I certainly would have contested the ac
tion." She then ernlalned that shs had been
married when shs was fifteen years old
to a youth, but little her senior, and
that that drat husband bad been dead
"Mr. I'liuy knew sll about that at
the tlms ws were married," shs de
clared. MaKlrtrate Dooley waa Impressed by
the young wife's manner. He ordered
thst the trlil be adjourned until Jan.
It and promised Mrs. Dhuy that he
would "see justice, dona"
Tbs Dhuys wars married sis yeara
ago. They have never been eeparated
before, according to the wife. Her Brat
husband waa John Gleason. with whom
he eloped when atlll a schoolgirl. Her
marriage to Gleason waa nsver legal or
binding, she Insists, on aeoount of thslr
Why you need
Realaol Ossbwaal la she Meal
haenag. aellssgns keibiM
Aad a erase sf ether
tantlr arise ta every
where there ere ehl
ell H (etc).
Building of the Home
as a Matter of Economy
Expert Who Has Operated 1
Heavily in Suburban
Forecasts the Probable
EiTect of the New Sub
ways Upon Land Values.
WY WILLIAM I. HARMON.
I presume thst one-half the male
population of Nsw Tork City Is trying
to foreeeat the effect of the new sys
tem of aubwaya and aubway extensions
on what la now called "Suburban'1 Real
Batata Some of tha curiosity comss
from the natural desire of owners to
approximately Lay their plana with
rrepect to their real aetata holdings
Some of the Interest ia excited among
tha professionals wha ar looking for
ward la buslnssa A third section Is
represented by men who are on tbe
alert ba take advantage of any move
meat that guarantees a aura dollarf
It would swam that the history of
tha enormous I nor aaa ao along the Itnea
of tha Intarboro system would form
a basis for comparison, bat ths Inter
bare system opened up a comparatively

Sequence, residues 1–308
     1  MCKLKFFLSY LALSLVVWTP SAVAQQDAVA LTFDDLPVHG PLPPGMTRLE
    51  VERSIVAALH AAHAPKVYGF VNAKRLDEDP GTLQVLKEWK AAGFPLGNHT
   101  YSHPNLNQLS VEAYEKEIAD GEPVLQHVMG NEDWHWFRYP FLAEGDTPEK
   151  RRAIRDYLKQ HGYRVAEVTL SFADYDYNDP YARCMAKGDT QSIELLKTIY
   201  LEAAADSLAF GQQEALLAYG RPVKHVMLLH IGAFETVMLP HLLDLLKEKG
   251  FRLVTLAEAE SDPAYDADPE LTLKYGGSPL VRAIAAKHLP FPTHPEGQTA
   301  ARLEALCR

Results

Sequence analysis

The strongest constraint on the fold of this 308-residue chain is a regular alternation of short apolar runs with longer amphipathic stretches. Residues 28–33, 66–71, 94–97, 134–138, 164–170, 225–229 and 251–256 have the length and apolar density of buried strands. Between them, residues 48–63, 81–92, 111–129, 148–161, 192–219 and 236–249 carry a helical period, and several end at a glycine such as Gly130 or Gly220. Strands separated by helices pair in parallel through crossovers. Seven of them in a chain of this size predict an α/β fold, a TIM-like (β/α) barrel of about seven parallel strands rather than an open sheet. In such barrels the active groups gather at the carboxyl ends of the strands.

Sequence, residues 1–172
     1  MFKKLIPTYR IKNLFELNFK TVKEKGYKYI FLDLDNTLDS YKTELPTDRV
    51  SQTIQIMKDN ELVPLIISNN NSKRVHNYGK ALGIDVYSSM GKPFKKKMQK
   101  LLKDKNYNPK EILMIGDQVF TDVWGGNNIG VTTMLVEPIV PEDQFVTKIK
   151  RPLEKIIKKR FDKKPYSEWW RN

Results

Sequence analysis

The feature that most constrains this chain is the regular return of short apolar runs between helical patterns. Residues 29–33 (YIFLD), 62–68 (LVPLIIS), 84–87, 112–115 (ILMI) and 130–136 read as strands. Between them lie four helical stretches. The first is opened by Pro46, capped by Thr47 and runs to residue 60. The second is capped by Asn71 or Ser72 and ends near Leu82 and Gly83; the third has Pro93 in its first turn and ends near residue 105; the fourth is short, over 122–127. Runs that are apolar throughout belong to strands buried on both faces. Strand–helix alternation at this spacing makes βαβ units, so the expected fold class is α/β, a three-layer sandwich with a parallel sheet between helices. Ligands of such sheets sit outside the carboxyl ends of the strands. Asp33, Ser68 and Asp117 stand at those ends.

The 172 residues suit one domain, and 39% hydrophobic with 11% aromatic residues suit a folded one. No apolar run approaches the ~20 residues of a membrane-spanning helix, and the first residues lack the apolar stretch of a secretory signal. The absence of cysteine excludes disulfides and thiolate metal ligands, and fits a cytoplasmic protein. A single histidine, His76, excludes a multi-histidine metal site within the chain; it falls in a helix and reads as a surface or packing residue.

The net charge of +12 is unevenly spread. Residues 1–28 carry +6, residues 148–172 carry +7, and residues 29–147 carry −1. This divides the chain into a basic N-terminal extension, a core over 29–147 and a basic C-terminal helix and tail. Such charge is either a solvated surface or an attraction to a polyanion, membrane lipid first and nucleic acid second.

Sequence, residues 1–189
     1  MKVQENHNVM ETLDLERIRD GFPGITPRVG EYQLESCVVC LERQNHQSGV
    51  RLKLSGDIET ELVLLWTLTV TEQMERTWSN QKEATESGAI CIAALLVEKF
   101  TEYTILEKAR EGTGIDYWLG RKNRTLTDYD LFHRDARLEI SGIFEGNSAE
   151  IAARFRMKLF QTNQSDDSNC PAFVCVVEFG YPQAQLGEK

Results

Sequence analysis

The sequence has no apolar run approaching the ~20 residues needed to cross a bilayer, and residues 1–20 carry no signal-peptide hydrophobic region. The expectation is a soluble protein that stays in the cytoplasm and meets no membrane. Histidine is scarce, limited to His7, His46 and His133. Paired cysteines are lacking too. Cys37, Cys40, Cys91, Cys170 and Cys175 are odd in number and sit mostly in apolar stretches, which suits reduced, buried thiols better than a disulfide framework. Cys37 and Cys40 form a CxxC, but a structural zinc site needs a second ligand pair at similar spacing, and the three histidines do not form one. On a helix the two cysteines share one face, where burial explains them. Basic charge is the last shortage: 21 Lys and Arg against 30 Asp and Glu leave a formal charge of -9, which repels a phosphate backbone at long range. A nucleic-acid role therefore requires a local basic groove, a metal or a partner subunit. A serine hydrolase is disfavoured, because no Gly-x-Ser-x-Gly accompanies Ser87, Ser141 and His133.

limited territory and one directly In
the northward Una of tba clty'a
growth, while the dual ayatam, In a
large way, runs counter to the eurrent
of population, aad in many Instances
opens np for development a class of
property that no one haa heretofore
regarded as seriously competing with
the Brans. Thus one can And but little
value In asiatlng statistics In trying
to prod lot the Influence of tha new sub
way eye tern on land values, especially
ehrsughout Brooklyn and Queena.
HOW TRANSIT SYSTEMS HAVE
AFFECTED OTHER CITIES.
While New Tork glvea us no haste
upon which to work out our esUmates,
I think we can get game valuable In
formation In a etudy of the subway
system of Philadelphia and the elevated
systems of Ohloago.
In Chicago tha elevated Unas red 1st
Into what, at the time of their com
pletion, was open territory, end ths
Influence of this means of trsnaporta
tlon on land value ran be easily trscad.
Now the various "L" lines out of Chi
cago tap a population leea than one
half the number served by ths dual
subway system, end equipment, strue-
NCW VOK. JAM
-few-. '.' SK. i
SBTIawaTW BBBBB1 BBBBBS.
turs and running tlms bear no com
parison to the New York eystsm, so ons
would surely he conservative In pre
dicting for New York land ettiiated
within the five-cent sons equal Increase
with the increase Chicago real estate
enjoyed following the completion of "L"
Prior to ths installation of an elevatsd
system In any district shout Chicago
land values ranged from i onn to i ,vs
aa acre. After Ikies havs been sstab
tlahed for a period of five years or
more tile value have increased to
from HO to 1300 per front font at retail,
or from H.000 to ItO.OOn per acre repre
senting an increase of from 100 to 700
psr cent. Assuming the same rale of
increase for New York land and allow
ing a liberal amount for Installation of
strsets, Bswsrs, a ids walks, Ac, we
would have hand values ranging from
11.000 to tan.oon par lot, with probably an